A novel drug combination becomes the standard of care for kidney cancer.
Some discoveries lead you in unexpected directions. When Senior Investigator Andrea Apolo, M.D., sought to explore a new combination of drugs for treating bladder cancer, the results yielded impressive benefits in another tumor type. Apolo had enrolled patients with bladder cancer as well as several patients with other genitourinary tumors including renal cell carcinoma (RCC), the most common form of kidney cancer, in a phase I clinical trial to evaluate drug safety. While the bladder cancer patients benefited from the drug combination, the patients with kidney cancer did even better and were twice as likely to experience an overall response. Their tumors shrank more than 30 percent from their original size.
These initial results prompted Apolo and her colleagues, oncologists Toni Choueiri, M.D., Dana-Farber Cancer Institute, and Robert Motzer, M.D., Memorial Sloan Kettering Cancer Center, to study the novel drug combination in a larger clinical trial, specifically in patients with RCC. The positive results from this phase III trial, reported in the New England Journal of Medicine, led to U.S. Food and Drug Administration (FDA) approval of cabozantinib (Cabometyx®) combined with nivolumab (Opdivo®) for RCC in 2021. The combination is now considered a first-line therapy for patients with the disease.
Cabozantinib works by inhibiting the activity of multiple protein receptors in cancer cells that are associated with tumor growth, thereby limiting the formation of new blood vessels that supply the tumor with nutrients and stopping the spread of cancer. Apolo initially studied cabozantinib with collaborators in the lab, and as she began to study the drug in patients, she realized that it was not only able to affect protein receptors in cancer cells, but it also interfered with the ability of cancer cells to manipulate the immune system for survival.
This finding provided the rationale to pair cabozantinib with nivolumab for treating patients with RCC. Nivolumab is a checkpoint inhibitor that works by boosting the immune system’s ability to kill cancer cells.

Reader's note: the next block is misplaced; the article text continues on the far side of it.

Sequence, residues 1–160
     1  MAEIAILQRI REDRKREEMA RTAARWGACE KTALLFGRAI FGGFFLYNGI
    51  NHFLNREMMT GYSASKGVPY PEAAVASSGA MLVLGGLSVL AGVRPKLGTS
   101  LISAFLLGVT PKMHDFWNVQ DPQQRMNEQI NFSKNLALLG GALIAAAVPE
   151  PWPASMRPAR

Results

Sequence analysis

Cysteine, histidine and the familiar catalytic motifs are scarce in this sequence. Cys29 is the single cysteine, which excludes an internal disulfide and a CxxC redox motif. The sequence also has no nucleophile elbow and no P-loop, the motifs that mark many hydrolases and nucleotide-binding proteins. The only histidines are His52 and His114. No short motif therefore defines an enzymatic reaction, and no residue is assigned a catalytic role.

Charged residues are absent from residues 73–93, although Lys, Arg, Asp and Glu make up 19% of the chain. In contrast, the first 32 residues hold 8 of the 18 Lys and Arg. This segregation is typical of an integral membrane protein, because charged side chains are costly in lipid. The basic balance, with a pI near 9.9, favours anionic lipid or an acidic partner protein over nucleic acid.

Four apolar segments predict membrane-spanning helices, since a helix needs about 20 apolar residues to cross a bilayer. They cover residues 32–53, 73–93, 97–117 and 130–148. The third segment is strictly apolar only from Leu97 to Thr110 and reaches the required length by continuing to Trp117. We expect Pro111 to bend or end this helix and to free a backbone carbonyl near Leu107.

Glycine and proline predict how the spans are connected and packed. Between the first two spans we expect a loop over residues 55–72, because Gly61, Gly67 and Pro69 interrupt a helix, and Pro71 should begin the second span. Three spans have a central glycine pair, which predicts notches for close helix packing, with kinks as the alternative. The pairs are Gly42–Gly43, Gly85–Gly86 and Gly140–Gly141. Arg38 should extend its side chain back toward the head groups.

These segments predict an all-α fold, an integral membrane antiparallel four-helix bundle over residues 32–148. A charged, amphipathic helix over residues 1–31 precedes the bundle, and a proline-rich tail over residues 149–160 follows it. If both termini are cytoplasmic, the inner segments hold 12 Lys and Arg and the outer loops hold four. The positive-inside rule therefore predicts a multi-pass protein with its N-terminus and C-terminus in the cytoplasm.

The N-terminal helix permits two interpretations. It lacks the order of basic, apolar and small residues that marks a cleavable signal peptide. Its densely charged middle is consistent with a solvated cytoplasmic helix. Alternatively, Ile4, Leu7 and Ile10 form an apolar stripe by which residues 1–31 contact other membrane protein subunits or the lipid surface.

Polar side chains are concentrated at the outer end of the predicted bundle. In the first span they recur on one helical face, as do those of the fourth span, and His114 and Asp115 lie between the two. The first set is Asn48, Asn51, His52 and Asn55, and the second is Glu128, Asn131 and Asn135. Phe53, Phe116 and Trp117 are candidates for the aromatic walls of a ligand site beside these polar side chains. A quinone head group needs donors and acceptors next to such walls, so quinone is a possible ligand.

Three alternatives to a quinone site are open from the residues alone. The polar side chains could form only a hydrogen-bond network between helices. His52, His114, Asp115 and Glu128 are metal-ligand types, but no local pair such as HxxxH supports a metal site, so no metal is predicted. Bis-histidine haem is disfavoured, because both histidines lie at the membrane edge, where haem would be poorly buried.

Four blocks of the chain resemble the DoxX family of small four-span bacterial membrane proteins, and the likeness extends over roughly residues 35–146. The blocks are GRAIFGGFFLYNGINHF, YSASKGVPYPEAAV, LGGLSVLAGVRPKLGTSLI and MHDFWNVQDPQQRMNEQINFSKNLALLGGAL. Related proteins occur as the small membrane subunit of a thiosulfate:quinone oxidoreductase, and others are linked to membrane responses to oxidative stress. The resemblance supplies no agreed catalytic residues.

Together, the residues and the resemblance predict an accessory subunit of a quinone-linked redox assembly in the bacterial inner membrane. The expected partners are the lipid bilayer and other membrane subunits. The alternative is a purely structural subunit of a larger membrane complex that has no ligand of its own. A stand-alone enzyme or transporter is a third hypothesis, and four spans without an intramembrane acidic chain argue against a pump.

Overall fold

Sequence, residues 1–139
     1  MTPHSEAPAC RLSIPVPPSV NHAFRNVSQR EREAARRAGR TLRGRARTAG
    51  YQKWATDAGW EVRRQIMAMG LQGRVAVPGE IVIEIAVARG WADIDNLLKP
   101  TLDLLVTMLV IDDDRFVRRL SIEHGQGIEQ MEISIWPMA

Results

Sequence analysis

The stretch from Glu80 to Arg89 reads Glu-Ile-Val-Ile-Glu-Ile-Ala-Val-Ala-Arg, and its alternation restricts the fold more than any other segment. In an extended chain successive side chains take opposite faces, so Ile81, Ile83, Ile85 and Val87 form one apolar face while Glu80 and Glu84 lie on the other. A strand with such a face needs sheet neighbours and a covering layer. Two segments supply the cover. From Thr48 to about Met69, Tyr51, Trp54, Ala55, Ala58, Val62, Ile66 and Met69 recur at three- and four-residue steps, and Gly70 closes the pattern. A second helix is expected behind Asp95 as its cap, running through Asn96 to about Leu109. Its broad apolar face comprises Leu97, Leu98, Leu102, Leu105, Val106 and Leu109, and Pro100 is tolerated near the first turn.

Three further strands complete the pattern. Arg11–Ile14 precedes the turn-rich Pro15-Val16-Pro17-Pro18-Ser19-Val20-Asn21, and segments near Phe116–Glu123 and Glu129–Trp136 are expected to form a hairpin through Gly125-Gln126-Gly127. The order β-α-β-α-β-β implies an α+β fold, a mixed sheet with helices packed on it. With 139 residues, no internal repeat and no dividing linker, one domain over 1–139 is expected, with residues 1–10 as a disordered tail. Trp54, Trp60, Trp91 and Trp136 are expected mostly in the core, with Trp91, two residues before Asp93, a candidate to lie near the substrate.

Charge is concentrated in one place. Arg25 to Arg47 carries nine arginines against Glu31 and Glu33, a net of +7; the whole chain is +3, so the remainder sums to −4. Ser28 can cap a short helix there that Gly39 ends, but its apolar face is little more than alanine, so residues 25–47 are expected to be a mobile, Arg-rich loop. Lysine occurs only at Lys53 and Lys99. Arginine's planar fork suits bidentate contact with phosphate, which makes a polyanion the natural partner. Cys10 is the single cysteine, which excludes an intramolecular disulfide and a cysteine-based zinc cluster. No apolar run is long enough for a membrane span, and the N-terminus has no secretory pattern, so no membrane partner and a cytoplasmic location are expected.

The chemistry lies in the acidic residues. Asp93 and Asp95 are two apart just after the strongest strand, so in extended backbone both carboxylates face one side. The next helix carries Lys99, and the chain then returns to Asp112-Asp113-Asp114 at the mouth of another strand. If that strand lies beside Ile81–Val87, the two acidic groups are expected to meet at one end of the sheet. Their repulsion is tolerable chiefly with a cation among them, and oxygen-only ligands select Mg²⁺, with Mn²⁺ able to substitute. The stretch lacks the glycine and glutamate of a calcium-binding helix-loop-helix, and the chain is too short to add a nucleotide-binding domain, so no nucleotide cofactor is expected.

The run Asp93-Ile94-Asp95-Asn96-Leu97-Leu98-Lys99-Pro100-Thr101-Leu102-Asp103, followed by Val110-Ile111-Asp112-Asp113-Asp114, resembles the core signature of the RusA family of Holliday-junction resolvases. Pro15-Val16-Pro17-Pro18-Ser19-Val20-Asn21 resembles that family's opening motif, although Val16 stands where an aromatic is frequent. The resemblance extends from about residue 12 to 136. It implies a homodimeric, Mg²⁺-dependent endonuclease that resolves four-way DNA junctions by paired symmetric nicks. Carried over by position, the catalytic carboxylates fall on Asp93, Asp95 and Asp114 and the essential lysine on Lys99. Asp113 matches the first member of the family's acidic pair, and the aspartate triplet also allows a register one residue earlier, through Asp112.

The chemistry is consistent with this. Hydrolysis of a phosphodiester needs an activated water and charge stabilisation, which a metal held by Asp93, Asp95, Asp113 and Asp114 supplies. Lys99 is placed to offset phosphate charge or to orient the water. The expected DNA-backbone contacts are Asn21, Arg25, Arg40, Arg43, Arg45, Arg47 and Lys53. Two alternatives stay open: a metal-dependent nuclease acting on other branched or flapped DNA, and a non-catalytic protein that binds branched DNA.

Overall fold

In the phase III trial, participants were given either the combination of cabozantinib and nivolumab or the drug sunitinib (Sutent®) alone, which is a standard therapy for kidney cancer that blocks a key enzyme needed for cancer growth. Although patients who received the novel drug combination experienced more adverse side effects, they had a longer progression-free survival period of 16.6 months, compared to 8.3 months for patients given sunitinib.
“I knew this combination would be extremely effective in RCC based on the early phase I results,” Apolo says. “There were no patients treated with this combination that did not have some kind of response or, at minimum, stable disease — nobody’s disease progressed.”
Apolo not only initiated the research of this drug combination for bladder cancer and RCC, but she guided the clinical trials that, in less than three years, led to FDA approval of the combination therapy. She notes that patients living with RCC have had few new treatment options for decades. “It feels amazing to have identified a new way to treat this cancer and to see it approved and helping patients,” she says.
Apolo attributes her team’s ability to move quickly from a phase I to a phase III trial to support from the Cancer Therapy Evaluation Program, which oversees national extramural clinical trials funded by the National Cancer Institute, including cooperative research and development agreements for this study with industry partners Exelixis, Bristol Myers Squibb and Pfizer. “The NIH is a wonderful place,” Apolo says, “because of the basic laboratory resources and clinical trial infrastructure, which helps us conduct these kinds of trials that can eventually lead to effective cancer therapies.”
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